Are you attending Neuroscience 2023? Join these exciting BRAIN-relevant talks, sessions, and symposia at the Society for Neuroscience’s annual conference.
In our final blog post for our series highlighting the various events at this year’s Society for Neuroscience (SfN) annual meeting, we showcase below a collection of lectures, symposia, and other sessions featuring BRAIN Initiative investigators, Multi-Council Working Group (MCWG) members, and BRAIN Initiative Alliance members.
When: November 11- 15, 2023
Where: Walter E. Washington Convention Center (WCC) in Washington, D.C.
Hybrid component: Tune in virtually for a sampling of symposia, minisymposia, and featured panel sessions. Up to 24 lectures will be streamed live and a recording will be available for all Neuroscience 2023 registrants following the broadcast.
Conference Lectures, Mini Symposiums, and Sessions
Please note that all times listed are in Eastern Time (ET).
Friday, November 10
Networking, Public Outreach, and Advocacy—Responsible Conduct of Research (RCR) Short Course: Responsible Use of AI in Neuroscience Research and Education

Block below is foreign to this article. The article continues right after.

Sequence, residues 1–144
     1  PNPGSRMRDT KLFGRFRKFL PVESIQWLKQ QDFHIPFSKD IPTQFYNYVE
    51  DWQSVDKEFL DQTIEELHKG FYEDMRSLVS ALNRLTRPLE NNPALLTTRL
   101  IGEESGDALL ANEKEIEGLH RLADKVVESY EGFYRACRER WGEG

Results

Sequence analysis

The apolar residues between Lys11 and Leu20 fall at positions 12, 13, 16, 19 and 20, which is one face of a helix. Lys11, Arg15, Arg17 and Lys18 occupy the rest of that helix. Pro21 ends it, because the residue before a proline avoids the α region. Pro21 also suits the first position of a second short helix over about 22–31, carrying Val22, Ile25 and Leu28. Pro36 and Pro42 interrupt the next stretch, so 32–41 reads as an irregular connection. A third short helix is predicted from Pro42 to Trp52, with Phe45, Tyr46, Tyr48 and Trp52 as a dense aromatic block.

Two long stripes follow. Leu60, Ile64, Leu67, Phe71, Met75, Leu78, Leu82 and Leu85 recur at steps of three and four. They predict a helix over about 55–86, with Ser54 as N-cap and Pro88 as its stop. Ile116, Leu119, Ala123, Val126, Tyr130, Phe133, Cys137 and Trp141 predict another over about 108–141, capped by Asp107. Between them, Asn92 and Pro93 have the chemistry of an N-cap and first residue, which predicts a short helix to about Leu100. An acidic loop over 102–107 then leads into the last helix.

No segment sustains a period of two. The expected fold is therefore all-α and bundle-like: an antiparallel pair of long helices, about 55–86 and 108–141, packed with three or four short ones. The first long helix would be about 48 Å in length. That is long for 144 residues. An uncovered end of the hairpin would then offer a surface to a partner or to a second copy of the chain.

1 p.m. - 5:30 p.m., WCC 150
BRAIN investigator Dr. Joshua Gold from the Perlman School of Medicine at the University of Pennsylvania, is one of several organizers/moderators for the RCR Short Course. This course will cover AI in relation to data acquisition/analysis, manuscript/grant writing and publishing, and trainee/student education. Join experts as they discuss topics including machine learning, data recording and analysis, and mentor/mentee relationships in the context of AI.
Saturday, November 11
Special lecture—The Neuroscience of Dynamic Social Behavior: Uncovering Circuit Mechanisms in Drosophila
1 p.m. - 2 p.m., WCC Hall D